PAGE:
And they came, bringing to him a paralytic carried by four men.And when they could not get near him because of the crowd, they removed the roof above him, and when they had made an opening, they let down the bed on which the paralytic lay. And when Jesus saw their faith, he said to the paralytic, “Son, your sins are forgiven.” Mark 2:3-5
Who, in your life, are you certain would do this for you? What relationships have you nurtured and developed to the point you can now count on them to be there for you when you most need someone to carry you? And you will, at some point, need someone to carry you…we all do.
In his book Everybody’s Normal Till You Get to Know Them, John Ortberg refers to it as “the fellowship of the mat”: that hard reality that, at some point, every one of us will need to be carried…will need to be loved by a few people who will go above and beyond the call of normal friendship duty and will carry us extraordinary lengths in order to get us through whatever dark season awaits us. We will all be called upon to do it for someone else at times and we will all need someone to do it for us.
But having those kinds of relationships in our lives does not happen accidentally. Whether it is family or just close friends, the truth is, those relationships are hard work, and not all of us are necessarily up to the task. This reality does not sit well with our current culture. Much of the cultural pressure today is toward a kind of love or acceptance or affirmation that is devoid of any hard conversations or difficult truths (or any truth at …
When the time drew near for Israel to die, he called for his son Joseph and said to him, “If I have found favor in your eyes, put your hand under my thigh and promise that you will show me kindness and faithfulness. Do not bury me in Egypt, but when I rest with my fathers, carry me out of Egypt and bury me where they are buried.”
“I will do as you say,” he said. Genesis 47:29-30
I believe it was Will Rogers who came up with these four stages of life: First we are our parents’ child, then we are our child’s parent, then we are our parents’ parent, then we are our child’s child. Right in the middle of those stages, there is a life stage, a generation (if you will), referred to as the “sandwich generation”. It is that life stage where you find yourself not only still parenting your children, but also being a caregiver to aging parents. That is where Joseph found himself in Genesis 47-50. He was a father to two sons born to him in Egypt, while at the same time being called upon to honor his dying father’s heritage. I am grateful to God that I have two healthy parents and have not quite arrived at that sandwich stage (and I’m not sure either of my parents would ever permit me to), but I can only imagine it is wrought with difficulties and tensions.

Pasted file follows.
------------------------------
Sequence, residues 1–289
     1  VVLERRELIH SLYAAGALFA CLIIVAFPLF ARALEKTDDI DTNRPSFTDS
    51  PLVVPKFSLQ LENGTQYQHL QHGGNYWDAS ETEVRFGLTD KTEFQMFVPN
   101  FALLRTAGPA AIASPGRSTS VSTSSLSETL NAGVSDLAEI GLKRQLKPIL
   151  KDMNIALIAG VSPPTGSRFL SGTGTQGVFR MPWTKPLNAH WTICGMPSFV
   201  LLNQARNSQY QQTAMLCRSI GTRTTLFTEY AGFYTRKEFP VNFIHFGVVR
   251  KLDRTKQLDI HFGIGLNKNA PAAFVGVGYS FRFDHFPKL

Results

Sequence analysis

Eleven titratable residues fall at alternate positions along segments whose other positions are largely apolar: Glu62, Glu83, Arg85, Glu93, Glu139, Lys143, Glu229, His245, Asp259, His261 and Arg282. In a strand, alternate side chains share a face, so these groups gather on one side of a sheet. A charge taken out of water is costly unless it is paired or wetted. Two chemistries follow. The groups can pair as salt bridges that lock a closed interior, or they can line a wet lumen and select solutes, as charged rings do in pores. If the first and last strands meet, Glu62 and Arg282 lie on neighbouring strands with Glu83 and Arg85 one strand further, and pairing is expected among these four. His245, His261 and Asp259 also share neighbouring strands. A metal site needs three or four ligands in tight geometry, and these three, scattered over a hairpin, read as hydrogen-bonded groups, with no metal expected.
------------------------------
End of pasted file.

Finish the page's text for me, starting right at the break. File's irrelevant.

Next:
It seems that having our focus divided between raising a new generation into adulthood and, at the same, honoring an older generation is a real challenge. Then again, as a church leader you already know that. The sandwich illustration, you see, is a perpetual life stage for every local church…always raising up new leaders and …
This is the second in a series of posts on my impressions from Cultivate ’09, a church communications conference at Chicago’s Park Community Church.
The gathering place for registrants of Cultivate ’09 was the coffee bar in Park Community Church. It was where we all relaxed while we waited for the doors to the auditorium to open. It was a spacious room with several couches and tables and nice chairs, and a full service coffee bar. It was a fitting room for this crowd of communications professionals, most of whom were of the gen-x variety (when I walked into the room, the median age went up a good 10 years). I felt like one of the few who was not carrying a Macbook in a shoulder bag or backpack and wearing thick-rimmed narrow glasses and shirt-tail out over jeans…all marks of a generation younger than I.
This type of atmosphere is where an entire generation of Christians gather to tell their stories. And they do tell their stories differently than my generation does. I suppose my generation (and the one before mine) enjoy telling their stories by standing and talking, such as in a pulpit or on a platform. Andy Stanley, John Ortberg, Rick Warren, Erwin McManus, etc. are all masters of telling stories in this way. I suppose when my generation gets really creative, it tells a great story through a feature-length movie (insert the name of your favorite movie producer here–chances are he/she is a Boomer or older).
But as you transition from Boomers into Gen-x’ers (now in their 30’s) and then into the millennials (now in their 20’s), the story-telling changes dramatically. Their are now two young adult generations who present and receive “story” completely differently from the rest of us and even from one another. Their …